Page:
Racing: Owners back off from boycott

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The Independent Online
MILITANCY among racing's 10,000 owners was all but ruled out yesterday when the threat of a boycott, raised within the Racehorse Owners' Association, receded. No immediate action is likely despite a strong undercurrent of frustration at the standard of facilities for owners at Britain's 59 racecourses.

In a less confrontational move, owners are to be asked to fill out a questionnaire with their worst criticisms, to see whether the ROA holds a mandate to call for action.

Only 4,000 of Britain's registered owners are members of the ROA, and collective action to improve their lot has regularly promised more than has been delivered. In fact, Paul Locke, a successful owner and the new president of the ROA, thinks that the results of the latest questionnaire will prove indecisive.

He said yesterday: 'The most important thing in a survey of this nature is how many people reply at all. If I had to bet I would think that the result is likely to be indecisive, but if we got a record reply that would obviously tell us something.'

One person likely to reply is Bill Gredley, the successful owner and breeder who touted a strike of race meetings last year which ultimately came to nothing.

Although he has met with great success through the exploits of User Friendly, the filly he bred, part-owns, and will see in action at Ascot on Saturday, he has often complained of poor prize-money, lack of respect from racecourse officials and skimping on handouts of owners' badges.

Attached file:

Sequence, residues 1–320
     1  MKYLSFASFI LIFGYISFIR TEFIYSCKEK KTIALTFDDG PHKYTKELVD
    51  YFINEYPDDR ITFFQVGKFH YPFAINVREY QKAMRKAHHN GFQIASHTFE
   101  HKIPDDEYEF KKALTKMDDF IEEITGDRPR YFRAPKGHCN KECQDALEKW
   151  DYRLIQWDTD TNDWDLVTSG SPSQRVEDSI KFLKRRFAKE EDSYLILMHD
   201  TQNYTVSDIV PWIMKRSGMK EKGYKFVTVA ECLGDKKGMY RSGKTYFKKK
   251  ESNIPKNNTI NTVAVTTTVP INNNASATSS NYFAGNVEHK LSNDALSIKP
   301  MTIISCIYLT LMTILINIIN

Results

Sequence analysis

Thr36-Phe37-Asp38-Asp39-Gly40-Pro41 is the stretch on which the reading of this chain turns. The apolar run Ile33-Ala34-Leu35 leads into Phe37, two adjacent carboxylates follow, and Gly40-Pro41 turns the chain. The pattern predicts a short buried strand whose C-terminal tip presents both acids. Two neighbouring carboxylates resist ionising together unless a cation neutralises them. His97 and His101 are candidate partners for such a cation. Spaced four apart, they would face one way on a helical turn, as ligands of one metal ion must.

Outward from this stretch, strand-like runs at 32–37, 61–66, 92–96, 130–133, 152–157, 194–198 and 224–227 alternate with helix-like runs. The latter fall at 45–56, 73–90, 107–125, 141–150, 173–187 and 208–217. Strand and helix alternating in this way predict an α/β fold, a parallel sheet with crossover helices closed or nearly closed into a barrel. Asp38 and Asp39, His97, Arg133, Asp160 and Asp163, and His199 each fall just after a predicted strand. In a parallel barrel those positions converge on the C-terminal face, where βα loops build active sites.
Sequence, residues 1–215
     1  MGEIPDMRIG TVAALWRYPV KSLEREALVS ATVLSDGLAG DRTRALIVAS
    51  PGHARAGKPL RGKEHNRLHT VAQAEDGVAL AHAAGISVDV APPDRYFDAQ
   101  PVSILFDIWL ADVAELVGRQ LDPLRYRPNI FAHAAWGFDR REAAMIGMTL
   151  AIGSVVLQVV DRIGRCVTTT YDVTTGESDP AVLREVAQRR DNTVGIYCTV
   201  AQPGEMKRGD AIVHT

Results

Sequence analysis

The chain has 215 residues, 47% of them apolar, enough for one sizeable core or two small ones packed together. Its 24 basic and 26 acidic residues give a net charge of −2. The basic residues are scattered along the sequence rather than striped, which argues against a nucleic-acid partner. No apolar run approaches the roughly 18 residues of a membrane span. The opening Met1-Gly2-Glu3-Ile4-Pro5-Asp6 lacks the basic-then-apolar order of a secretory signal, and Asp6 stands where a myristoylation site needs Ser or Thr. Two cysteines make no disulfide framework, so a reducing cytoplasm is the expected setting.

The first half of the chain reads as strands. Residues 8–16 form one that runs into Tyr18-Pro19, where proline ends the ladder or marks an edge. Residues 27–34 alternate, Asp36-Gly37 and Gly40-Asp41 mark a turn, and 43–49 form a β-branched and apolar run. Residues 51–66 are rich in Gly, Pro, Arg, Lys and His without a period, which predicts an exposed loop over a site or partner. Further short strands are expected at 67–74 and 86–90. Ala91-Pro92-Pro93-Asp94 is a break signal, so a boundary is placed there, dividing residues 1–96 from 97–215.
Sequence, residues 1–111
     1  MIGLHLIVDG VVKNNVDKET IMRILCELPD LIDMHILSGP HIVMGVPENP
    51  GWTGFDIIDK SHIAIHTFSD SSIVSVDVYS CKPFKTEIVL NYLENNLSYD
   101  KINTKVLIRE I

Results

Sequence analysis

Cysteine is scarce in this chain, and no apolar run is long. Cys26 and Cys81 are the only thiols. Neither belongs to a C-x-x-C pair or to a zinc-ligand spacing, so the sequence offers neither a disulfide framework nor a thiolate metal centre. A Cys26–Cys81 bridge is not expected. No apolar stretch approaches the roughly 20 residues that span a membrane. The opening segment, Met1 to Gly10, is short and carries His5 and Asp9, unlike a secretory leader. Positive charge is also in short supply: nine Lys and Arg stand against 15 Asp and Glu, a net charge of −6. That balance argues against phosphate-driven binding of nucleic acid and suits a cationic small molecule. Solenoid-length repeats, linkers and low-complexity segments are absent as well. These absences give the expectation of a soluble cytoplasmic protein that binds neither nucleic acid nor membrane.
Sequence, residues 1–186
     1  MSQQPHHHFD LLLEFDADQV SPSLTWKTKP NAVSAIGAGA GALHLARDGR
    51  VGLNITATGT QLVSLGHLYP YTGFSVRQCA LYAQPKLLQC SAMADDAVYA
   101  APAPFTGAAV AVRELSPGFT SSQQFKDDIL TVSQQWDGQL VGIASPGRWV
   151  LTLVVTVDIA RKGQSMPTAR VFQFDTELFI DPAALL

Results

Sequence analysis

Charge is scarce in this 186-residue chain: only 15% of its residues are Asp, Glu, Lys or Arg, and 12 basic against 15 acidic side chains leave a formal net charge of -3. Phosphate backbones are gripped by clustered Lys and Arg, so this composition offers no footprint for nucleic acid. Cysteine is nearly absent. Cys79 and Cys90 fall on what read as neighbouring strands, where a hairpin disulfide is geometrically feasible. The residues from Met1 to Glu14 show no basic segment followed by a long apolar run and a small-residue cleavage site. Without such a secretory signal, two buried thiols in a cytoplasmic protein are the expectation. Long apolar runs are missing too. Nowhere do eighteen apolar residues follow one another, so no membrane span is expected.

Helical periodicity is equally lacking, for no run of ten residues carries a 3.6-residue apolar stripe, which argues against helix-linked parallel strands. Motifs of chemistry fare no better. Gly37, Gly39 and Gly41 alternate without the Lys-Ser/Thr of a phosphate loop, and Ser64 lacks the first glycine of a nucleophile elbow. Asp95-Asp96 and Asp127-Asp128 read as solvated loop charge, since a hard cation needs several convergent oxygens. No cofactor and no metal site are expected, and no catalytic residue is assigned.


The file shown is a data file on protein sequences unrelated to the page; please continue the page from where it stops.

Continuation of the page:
Gredley raised the boycott issue again yesterday at a meeting of the ROA council, the 'toothless' body to which he has just been elected.

The response was to send out the survey, to which neither Locke nor Gredley will know the answers until September, by which time the results of a poll of the best and worst racecourses will have been published.

Earlier polls within the ROA have thrown up surprises, not least that Ascot comes well down the list and Uttoxeter, the Midlands jumps course, at the top.

The Maktoum family paid dollars 2.77m ( pounds 1.9m) for nine yearlings on the opening day of the Keeneland Sales in Kentucky despite reports that they would not be buying. Maktoum Al Maktoum's Gainsborough Farm, which did not buy at last year's sale, purchased five yearlings for dollars 1.54m ( pounds 1.06m) while Sheikh Mohammed's Darley Stud bought four for dollars 1.225m ( pounds 845,000).

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